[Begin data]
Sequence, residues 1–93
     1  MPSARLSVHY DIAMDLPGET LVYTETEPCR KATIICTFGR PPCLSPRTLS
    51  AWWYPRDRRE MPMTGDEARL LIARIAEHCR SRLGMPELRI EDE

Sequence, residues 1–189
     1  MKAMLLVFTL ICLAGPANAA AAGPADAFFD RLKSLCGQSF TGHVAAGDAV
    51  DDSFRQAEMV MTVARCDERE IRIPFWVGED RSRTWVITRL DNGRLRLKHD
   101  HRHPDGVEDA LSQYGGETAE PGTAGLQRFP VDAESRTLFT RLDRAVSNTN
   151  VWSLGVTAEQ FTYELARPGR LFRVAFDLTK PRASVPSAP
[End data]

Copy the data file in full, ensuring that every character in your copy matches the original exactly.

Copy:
Sequence, residues 1–93
     1  MPSARLSVHY DIAMDLPGET LVYTETEPCR KATIICTFGR PPCLSPRTLS
    51  AWWYPRDRRE MPMTGDEARL LIARIAEHCR SRLGMPELRI EDE

Sequence, residues 1–189
     1  MKAMLLVFTL ICLAGPANAA AAGPADAFFD RLKSLCGQSF TGHVAAGDAV
    51  DDSFRQAEMV MTVARCDERE IRIPFWVGED RSRTWVITRL DNGRLRLKHD
   101  HRHPDGVEDA LSQYGGETAE PGTAGLQRFP VDAESRTLFT RLDRAVSNTN
   151  VWSLGVTAEQ FTYELARPGR LFRVAFDLTK PRASVPSAP